American Literary Traditions I
Laura Walls
MW 2:00-3:15 
Sec 01 - Majors
Sec 02 - Unallocated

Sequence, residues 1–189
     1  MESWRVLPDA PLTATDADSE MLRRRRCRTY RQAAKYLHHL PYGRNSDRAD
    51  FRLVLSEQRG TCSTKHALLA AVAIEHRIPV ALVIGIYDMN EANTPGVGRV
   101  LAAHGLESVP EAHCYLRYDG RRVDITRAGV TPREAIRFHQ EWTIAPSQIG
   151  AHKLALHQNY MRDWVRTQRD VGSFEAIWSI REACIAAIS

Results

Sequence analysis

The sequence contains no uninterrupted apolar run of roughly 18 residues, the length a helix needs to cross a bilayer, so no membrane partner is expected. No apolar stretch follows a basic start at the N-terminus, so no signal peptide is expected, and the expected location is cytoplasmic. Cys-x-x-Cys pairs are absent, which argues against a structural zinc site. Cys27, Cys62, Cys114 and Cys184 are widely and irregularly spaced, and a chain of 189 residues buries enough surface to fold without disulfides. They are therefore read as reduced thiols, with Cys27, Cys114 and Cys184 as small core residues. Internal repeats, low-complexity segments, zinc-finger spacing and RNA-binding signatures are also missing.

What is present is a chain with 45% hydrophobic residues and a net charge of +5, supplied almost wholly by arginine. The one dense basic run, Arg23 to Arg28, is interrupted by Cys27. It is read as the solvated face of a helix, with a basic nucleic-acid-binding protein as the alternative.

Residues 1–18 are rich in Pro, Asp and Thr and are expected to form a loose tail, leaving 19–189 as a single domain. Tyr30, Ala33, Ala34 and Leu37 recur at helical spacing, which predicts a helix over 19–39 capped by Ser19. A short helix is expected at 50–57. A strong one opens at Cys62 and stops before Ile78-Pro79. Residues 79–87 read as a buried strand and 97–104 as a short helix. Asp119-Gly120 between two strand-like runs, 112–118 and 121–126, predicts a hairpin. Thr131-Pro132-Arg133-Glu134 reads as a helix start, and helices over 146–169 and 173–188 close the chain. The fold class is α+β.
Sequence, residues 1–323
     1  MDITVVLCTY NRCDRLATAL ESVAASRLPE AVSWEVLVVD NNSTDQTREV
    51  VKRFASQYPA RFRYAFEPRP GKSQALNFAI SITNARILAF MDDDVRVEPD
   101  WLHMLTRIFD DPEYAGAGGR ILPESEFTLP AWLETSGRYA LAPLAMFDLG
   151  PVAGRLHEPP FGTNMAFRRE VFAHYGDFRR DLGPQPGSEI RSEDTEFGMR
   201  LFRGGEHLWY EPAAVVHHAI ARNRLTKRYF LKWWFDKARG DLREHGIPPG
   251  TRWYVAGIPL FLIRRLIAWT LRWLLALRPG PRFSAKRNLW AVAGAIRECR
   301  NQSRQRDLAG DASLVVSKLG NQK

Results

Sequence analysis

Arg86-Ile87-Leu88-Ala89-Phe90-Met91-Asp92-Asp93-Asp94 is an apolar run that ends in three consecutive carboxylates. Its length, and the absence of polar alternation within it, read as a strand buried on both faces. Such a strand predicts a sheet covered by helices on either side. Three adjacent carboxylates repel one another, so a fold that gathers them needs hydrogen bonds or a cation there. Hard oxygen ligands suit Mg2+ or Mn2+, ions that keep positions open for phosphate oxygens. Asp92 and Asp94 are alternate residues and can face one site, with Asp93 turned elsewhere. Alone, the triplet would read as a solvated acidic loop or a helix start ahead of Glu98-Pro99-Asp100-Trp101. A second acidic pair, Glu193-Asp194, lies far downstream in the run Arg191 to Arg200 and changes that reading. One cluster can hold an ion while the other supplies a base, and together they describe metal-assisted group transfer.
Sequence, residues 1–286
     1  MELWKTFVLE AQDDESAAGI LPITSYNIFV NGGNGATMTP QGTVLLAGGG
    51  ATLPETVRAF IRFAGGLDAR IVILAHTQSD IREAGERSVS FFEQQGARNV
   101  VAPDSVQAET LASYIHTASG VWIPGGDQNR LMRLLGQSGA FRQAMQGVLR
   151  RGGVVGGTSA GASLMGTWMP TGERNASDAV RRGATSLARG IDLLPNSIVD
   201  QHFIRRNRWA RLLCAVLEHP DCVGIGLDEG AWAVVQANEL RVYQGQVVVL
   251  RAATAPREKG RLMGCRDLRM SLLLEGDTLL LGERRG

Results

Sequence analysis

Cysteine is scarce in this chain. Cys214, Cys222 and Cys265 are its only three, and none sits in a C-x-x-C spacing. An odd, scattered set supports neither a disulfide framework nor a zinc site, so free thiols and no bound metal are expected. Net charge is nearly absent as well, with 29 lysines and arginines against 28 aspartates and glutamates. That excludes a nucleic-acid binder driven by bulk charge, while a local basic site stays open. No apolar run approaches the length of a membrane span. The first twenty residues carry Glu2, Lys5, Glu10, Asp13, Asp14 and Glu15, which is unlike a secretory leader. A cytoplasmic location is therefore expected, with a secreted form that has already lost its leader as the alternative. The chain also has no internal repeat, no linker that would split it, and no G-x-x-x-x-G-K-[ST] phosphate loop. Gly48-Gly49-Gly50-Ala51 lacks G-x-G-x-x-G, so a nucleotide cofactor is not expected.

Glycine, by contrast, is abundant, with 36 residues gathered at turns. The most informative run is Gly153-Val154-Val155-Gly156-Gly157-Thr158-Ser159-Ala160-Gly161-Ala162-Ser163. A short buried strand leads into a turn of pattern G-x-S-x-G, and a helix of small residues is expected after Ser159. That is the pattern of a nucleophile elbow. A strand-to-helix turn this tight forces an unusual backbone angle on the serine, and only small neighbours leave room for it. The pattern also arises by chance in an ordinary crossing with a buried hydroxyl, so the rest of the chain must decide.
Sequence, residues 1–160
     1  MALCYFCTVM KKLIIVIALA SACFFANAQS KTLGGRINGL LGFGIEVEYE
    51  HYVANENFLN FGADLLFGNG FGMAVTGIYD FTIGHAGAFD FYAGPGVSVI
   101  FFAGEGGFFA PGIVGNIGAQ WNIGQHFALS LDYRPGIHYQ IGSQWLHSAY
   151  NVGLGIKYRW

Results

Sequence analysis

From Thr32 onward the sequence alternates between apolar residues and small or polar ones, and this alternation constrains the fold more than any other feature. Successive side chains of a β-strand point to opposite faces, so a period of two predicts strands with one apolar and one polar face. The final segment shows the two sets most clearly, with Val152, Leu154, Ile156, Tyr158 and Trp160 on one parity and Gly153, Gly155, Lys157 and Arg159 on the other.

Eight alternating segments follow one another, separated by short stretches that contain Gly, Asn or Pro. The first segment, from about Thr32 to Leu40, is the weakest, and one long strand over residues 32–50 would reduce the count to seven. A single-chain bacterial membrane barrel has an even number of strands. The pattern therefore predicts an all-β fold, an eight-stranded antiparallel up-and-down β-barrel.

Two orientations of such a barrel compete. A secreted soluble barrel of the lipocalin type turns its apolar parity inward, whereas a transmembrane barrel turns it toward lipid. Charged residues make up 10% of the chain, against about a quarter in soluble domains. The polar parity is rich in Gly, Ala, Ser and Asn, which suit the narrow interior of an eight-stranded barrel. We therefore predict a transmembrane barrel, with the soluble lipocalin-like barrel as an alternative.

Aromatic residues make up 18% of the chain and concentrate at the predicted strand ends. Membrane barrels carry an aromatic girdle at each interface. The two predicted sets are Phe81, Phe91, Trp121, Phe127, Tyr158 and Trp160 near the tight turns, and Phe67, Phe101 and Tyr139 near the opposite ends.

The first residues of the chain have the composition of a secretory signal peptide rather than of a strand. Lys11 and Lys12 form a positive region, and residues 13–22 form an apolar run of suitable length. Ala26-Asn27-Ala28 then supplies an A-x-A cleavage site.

"Nations are narratives" - so our historians tell us. That means the voices of a nation's artists and writers help to tell us who we are, even to create our very identity as a nation. So what are the narratives of our nation, the United States? This course traces the emergence of what we now know as "America" from the small and struggling British colonies of Virginia and New England, founded early in the 1600s on lands cultivated for millennia by Native Americans. We will consider the early "contact zones" in which settler societies from Europe met and mingled with indigenous Native American cultures, languages, and literatures; the institution of slavery as the foundation of American economies, and the growing contributions of free and enslaved African-Americans to the development of a distinctive American voice and literary tradition; and the literature of the American Revolution that established the United States as an independent nation. Finally, we will conclude with several works from the American Renaissance that characterize an emerging modern American literary tradition.